EU development aid goes to around 150 countries in the world, ranging from Afghanistan to Zimbabwe. However, in recent years, several developing countries have experienced strong economic growth and have managed to reduce poverty.
Starting in 2014, the EU is therefore phasing out direct aid to large countries such as India and other countries like Malaysia or many Latin American countries. This process is called ‘graduation’. In the period 2014-2020, about 75% of EU support will go to these countries which, in addition, often are hard hit by natural disasters or conflict, something that makes their citizens particularly vulnerable. Moreover, the EU is the only donor worldwide which gives support in all countries that are fragile or suffer from conflict.
2. The EU is helping to improve the lives of millions.
In 2000, countries from all over the world agreed on the Millennium Development Goals, to be achieved by 2015. They range from halving extreme poverty to stopping the spread of HIV/AIDS and giving primary education to all children. The EU played a leading role in negotiating this vision.
Over the last decade, thanks to EU funding, almost 14 million pupils could go to primary school, more than 70 million people were linked to improved drinking water, and over 7.5 million births were attended by skilled health workers, saving the lives of mothers and babies.
These are just some of the ways the EU is helping to reach the goals, but more needs to be done to make poverty history.
3. EU aid is transparent and it is easy to find out where the money goes.
The EU has repeatedly been ranked among the most transparent aid donors. Giving information about where how much of our aid goes, and on what it is spent, helps tax payers to check that their money is being used wisely. It avoids different donors duplicating each other and helps to prevent corruption and misuse of funds.
There are different tools to find out where EU money goes: The EU Aid Explorer gives you easy access to complete and accurate data on what donors do around the world. The European Commission’s financial transparency system shows who receives funding from the European Commission each year.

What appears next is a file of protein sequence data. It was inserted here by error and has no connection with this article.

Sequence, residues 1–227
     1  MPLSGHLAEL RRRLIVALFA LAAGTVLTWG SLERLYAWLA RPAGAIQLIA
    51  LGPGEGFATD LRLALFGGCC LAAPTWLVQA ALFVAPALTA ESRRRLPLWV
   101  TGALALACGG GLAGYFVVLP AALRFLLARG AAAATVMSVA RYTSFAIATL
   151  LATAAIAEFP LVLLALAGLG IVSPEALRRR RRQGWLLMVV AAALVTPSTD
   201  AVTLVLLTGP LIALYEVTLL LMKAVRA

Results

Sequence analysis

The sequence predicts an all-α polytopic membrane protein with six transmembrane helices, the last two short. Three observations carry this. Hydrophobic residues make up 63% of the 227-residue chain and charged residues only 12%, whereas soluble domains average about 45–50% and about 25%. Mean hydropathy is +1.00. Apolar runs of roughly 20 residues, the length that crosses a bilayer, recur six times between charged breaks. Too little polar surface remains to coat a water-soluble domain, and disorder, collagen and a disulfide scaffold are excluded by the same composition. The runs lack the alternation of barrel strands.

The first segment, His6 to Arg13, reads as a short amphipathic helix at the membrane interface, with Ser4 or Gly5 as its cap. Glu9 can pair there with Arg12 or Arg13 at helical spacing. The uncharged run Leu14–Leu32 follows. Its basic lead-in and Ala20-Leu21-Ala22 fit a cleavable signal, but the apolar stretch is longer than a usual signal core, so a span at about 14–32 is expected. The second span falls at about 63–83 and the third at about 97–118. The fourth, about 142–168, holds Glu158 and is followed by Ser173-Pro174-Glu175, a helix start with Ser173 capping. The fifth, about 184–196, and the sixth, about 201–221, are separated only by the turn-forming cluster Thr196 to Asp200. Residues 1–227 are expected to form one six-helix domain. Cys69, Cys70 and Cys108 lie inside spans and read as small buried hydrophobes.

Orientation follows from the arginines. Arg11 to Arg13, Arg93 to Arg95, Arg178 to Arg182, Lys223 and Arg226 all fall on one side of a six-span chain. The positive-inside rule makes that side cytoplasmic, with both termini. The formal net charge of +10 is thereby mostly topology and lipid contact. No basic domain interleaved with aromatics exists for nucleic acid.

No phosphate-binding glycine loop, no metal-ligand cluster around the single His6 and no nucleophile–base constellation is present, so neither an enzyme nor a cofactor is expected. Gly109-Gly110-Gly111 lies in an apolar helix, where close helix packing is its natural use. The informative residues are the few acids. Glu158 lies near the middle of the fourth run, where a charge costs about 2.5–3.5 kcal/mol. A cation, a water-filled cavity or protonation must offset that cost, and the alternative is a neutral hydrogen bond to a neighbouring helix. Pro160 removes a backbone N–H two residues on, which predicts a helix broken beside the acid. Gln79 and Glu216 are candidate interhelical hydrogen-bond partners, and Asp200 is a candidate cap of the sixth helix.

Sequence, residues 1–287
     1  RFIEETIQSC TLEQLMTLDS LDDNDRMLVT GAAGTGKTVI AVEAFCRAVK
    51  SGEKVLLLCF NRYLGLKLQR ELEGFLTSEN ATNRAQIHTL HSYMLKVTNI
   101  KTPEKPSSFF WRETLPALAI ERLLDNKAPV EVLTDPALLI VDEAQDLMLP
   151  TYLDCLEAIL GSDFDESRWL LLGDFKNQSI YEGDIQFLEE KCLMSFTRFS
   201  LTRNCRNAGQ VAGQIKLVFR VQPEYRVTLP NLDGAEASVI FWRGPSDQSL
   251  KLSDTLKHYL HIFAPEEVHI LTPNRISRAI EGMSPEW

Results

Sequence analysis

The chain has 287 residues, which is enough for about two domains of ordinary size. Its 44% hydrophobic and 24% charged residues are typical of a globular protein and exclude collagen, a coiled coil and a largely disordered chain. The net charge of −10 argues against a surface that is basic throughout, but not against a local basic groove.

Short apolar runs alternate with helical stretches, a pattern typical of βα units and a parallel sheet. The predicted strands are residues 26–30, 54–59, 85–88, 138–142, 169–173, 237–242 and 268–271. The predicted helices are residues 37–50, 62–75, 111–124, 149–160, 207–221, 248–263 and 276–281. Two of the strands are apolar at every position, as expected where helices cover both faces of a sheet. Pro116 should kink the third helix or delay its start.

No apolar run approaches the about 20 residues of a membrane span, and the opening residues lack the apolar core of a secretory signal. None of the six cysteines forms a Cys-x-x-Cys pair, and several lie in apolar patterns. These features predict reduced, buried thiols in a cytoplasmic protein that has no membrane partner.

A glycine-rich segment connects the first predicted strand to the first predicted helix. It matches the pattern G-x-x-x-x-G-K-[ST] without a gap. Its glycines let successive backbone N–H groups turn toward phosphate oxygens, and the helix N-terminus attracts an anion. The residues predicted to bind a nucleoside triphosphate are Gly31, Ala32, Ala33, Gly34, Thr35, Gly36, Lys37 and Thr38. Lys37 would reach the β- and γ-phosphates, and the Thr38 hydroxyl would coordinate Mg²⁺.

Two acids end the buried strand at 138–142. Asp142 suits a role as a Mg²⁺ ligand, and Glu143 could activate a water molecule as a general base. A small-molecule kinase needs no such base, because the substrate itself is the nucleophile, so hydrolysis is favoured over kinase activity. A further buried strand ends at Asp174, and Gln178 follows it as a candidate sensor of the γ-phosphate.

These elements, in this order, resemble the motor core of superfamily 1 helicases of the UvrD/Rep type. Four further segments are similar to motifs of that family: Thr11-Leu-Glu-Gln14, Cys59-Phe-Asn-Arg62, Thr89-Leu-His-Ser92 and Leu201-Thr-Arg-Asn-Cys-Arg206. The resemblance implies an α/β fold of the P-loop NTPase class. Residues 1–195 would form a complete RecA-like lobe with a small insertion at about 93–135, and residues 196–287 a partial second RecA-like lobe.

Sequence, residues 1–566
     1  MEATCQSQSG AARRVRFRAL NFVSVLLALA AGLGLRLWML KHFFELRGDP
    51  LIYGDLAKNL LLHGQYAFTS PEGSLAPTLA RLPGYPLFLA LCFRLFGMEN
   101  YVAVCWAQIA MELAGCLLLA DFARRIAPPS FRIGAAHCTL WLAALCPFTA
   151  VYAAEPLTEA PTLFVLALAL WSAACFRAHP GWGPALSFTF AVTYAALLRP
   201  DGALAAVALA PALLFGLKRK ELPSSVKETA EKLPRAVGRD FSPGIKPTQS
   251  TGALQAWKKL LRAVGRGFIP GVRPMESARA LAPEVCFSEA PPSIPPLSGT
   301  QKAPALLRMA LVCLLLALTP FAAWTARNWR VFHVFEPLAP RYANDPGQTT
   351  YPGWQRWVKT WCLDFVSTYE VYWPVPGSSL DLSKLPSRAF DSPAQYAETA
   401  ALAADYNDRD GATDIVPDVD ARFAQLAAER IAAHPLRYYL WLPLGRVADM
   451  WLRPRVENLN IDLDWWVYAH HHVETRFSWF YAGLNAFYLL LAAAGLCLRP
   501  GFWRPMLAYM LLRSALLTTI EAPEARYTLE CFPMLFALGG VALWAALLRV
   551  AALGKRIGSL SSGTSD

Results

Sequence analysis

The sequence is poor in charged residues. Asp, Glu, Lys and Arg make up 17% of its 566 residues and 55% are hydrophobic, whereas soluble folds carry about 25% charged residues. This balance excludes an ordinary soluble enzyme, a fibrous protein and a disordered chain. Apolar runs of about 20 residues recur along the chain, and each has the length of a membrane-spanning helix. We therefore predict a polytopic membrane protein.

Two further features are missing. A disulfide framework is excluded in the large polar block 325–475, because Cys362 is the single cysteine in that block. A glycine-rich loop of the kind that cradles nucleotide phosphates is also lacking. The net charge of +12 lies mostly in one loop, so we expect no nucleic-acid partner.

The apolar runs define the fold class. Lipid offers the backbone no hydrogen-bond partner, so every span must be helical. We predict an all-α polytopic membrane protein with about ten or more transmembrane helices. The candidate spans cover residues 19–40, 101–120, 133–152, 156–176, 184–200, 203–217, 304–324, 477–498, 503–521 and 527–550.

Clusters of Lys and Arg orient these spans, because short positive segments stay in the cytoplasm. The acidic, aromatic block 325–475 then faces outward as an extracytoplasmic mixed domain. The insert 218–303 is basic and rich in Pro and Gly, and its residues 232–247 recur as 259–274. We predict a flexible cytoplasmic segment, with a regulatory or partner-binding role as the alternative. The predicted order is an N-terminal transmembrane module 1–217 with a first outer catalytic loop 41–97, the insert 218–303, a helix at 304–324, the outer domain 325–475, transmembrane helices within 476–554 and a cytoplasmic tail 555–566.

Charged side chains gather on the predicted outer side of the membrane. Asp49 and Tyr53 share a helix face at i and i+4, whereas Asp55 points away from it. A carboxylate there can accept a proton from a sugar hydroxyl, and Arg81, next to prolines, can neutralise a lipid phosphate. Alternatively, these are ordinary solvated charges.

4. To prevent fraud and corruption, EU aid is regularly audited and controlled.
5. The EU and its Member States together are the most generous donors of official development aid in the world.
6. Developing countries have a strong say in how EU aid is spent, what will be done and where.
The EU makes sure that its development programmes follow the priorities which governments have for their countries’ own development. The decision of whether to invest funding in, for example, health, schools, or roads is taken in close partnership between the EU and each government – which often then also takes responsibility for managing the programmes and projects.
7. The EU relies on organisations with the right experience to carry out its development projects on the ground.
The EU often gives funding to non-governmental organisations – this could be a local association of female lawyers that helps women to their legal rights or a well-known international organisation such as Amnesty International, in fighting for human rights, for example.
8. The EU involves civil society organisations when it plans its cooperation with partner countries.
When preparing its programmes, the EU does not only work with the governments but also makes sure that civil society organisations are included in the discussions: this could be non-governmental organisations, trade unions, human rights groups, environmental organisations, chambers of commerce and many others. You can find out more in the EU’s communication on Europe’s engagement with civil society in external relations.
9. About 25% of EU aid is given directly to governments so they can do their work, following priorities that they define themselves, in close dialogue with the EU.
This is called “budget support”. It gives the countries the tools to take development into their own hands, for example by reforming and modernising their education or agricultural sector. By putting governments of developing countries in the driving seat, the EU directly supports the country’s own policies and systems so that the results can have a lasting effect.
At the same time, the EU links budget support to a constant dialogue which it has with the government and in which it discusses important topics such as good governance and management of public money. These exchanges also include regular assessments of the results in reducing poverty and achieving sustainable development.
10. The EU has 139 delegations and offices across the world, more than any EU member state. At the same time its external aid equals less than a tenth of its budget.
The total amount which the EU reserved for external aid in 2013 was €14.86 billion, which is equal to about 9% of the overall budget of the EU. In other words, lifting people out of poverty across the world with the help of European aid costs each European no more than 8 cents per day.
11. In many countries the EU and its Member States combine their development efforts to ensure that we work more hand in hand and don’t do the same thing twice.
12. The EU works hard to ensure that its work in areas such as trade and finance, agriculture, security, climate change, or migration helps overcome poverty in developing countries.
13. EU humanitarian aid and development cooperation are different but work hand in hand.
14. The world has managed to reduce the share of extremely poor people by more than half since 1990.
15. Europeans believe that EU have a responsibility to help people in poor countries, and many are ready to play their part in this.